“A Walk in My Shoes” brings insight to students affiliated with military families


Students filed into Forum Hall in the K-State Student Union to be seated around military service men and women, including Maj. Gen. Paul E. Funk II, commanding general of the 1st Infantry Division and Fort Riley, Wednesday afternoon. The room was abuzz with talk about how educators should best serve students affected by military families through the documentary, “A Walk In My Shoes: Military Families.”

“A Walk In My Shoes: Military Life” was funded and sanctioned through the College of Education, using an idea from Debbie Mercer, dean of the College of Education.

“We have a moral obligation to prepare our future educators, who are doing their practicums in Geary County, Manhattan and Fort Riley schools and in close contact with students directly affected by the military, to be prepared with the knowledge of how to handle students in military families,” Mercer said. “We want to continue to prepare our [college] students with knowledge and skills to do a high-quality job once they are out in their own teaching careers.”

“I think this documentary is powerful,” Daniel Potucek, senior in secondary education and a member of the documentary, said. “Learning about all of the other life experiences that the other people had, it made me feel less alone. In the military, you and your brothers become connected and become a family of sorts. This [movie] shows how even in civilian life, it still almost feels like a military community.”

The documentary told the stories of seven different people, including current K-State students who served, grew up in a military family, or are now retired from service and returned to school. It also featured professional educators who work in the field, teaching others about how to be prepared for students affiliated with the military.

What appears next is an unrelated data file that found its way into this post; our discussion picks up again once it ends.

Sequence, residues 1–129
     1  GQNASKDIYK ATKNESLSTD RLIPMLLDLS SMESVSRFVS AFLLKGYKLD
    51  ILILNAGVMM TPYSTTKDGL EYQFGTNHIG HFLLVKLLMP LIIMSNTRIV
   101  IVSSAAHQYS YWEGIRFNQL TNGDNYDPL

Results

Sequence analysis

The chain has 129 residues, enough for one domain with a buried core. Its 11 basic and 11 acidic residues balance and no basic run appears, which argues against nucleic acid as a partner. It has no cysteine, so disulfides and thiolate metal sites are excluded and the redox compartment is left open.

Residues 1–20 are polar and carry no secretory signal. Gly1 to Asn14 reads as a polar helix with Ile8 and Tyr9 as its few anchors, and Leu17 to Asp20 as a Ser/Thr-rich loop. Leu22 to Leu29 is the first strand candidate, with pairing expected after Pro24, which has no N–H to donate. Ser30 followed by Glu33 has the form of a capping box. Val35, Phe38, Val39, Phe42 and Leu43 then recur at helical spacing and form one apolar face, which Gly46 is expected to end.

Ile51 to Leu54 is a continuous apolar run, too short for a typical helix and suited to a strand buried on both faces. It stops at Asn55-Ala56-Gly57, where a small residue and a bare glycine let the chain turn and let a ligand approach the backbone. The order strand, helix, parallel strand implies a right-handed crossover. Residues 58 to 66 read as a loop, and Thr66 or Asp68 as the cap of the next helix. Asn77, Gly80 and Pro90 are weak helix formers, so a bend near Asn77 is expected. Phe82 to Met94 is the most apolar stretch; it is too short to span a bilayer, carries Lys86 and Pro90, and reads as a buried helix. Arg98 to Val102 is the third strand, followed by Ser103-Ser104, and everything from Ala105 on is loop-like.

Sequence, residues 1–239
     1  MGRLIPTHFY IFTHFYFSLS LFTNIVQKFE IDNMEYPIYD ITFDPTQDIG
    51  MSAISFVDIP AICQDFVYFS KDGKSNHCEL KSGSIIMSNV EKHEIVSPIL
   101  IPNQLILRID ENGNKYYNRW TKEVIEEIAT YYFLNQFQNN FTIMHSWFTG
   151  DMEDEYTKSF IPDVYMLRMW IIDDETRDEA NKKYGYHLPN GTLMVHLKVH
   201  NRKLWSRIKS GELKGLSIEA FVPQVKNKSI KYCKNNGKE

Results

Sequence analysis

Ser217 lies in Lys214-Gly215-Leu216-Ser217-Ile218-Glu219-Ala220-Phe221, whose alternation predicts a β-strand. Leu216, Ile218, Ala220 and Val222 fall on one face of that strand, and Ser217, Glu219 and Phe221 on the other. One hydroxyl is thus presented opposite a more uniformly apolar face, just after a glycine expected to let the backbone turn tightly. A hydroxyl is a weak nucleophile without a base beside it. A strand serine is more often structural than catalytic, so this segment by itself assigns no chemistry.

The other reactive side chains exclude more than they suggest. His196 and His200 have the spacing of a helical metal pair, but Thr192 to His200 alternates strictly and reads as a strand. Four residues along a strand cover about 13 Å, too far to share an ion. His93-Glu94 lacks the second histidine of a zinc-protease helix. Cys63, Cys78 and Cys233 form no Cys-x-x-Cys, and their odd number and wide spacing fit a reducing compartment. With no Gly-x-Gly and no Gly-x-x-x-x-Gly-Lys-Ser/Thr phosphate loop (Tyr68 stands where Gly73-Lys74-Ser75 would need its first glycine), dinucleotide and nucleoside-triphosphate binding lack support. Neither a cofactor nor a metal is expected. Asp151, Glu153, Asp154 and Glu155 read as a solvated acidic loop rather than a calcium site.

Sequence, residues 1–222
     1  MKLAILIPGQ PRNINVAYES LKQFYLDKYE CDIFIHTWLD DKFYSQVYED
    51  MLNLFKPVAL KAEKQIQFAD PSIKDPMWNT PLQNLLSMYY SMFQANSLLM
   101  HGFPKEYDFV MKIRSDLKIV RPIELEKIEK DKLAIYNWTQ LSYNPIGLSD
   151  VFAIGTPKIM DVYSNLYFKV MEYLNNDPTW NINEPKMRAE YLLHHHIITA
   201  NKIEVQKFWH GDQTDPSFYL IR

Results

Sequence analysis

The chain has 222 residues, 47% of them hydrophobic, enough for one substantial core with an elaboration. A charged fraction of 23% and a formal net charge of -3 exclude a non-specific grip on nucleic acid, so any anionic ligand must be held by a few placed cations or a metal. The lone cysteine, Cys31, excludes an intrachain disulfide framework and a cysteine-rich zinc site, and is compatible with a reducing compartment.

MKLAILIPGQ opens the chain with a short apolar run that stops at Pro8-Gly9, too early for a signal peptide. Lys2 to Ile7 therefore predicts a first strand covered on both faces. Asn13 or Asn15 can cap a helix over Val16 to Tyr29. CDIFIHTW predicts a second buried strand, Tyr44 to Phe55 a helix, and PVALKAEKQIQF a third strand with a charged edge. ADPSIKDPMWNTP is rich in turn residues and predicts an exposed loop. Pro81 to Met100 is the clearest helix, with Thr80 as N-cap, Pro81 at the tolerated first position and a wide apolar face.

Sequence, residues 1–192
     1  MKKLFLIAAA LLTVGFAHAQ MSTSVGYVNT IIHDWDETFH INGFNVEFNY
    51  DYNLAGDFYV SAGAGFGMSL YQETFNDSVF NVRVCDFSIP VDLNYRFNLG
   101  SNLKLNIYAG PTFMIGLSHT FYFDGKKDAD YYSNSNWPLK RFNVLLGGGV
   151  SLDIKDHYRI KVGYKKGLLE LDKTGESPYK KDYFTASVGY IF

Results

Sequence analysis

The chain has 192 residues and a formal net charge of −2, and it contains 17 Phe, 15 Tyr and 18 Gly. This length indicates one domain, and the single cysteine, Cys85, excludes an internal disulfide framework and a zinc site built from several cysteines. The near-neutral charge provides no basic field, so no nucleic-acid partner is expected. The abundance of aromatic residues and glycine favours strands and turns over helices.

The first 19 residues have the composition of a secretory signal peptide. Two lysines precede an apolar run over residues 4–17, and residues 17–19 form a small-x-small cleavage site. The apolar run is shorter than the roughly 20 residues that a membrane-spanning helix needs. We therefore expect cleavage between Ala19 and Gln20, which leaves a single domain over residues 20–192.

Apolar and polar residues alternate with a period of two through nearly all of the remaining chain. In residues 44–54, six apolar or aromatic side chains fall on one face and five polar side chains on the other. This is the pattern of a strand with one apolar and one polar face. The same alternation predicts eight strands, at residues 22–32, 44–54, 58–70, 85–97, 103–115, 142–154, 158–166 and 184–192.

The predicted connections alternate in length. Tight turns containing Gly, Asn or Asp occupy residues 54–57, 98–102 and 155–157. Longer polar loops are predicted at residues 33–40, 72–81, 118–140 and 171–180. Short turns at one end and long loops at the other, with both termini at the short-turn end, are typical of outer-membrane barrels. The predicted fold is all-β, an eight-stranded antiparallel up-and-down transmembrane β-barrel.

“[This documentary] was our story,” Funk said. “There was a lot of courage to produce it and a vision to lay it all out there.”

K-State and Fort Riley recently resigned a contract for continued support and collaboration between the campus and the Fort Riley post. The College of Education is personifying this movement by placing undergraduate students in Fort Riley schools for their senior year practicums. Faculty within the College of Education also take tours of Fort Riley schools to better understand the climate of military schools.

Last year, the “A Walk in My Shoes” video focused around international graduate students. Patrice Scott, communications coordinator for the College of Education, said she wanted to take the success from that event and transfer it over into this year’s documentary. With more than 100 people in attendance, as well as the documentary being viewable for free on the College of Education’s website, she said she believes the event was successful.

“When we were planning this documentary we asked, ‘Who do we select for this project? Whose stories are chosen?'” Scott said. “Seven people were chosen. The result was such a powerful and moving piece. It’s so hard to put it into words.”

Before the kickoff of a larger initiative to support students in military families through the College of Education, Mercer said this documentary puts impact and a personal touch into the entire initiative. According to Mercer, the college addresses a lot of different forms of diversity, but military families weren’t a specific part of that.

“We are creating educational modules exemplifying military culture and student resiliency,” Mercer said. “The military culture is not always something we think about. This is a visible component for students to show how important and critical work with military families is. We want to leave a larger impact outside of just K-State to continue to make sure these types of issues are included in the discussion.”

Audience members watched the documentary for free and had the chance to listen to a panel of community educators who have been directly affected by military families. Panelists Ronald Walker,

superintendent of the Geary County School District USD 475, said that more than 70 percent of his school district are military affiliated.

“I hope people take away from this the understanding that it is not just the soldier who serves, but the whole family serves as well,” Potucek said. “It’s our responsibility as community members to take care of them [military families] and make them feel welcome in our part of the world.”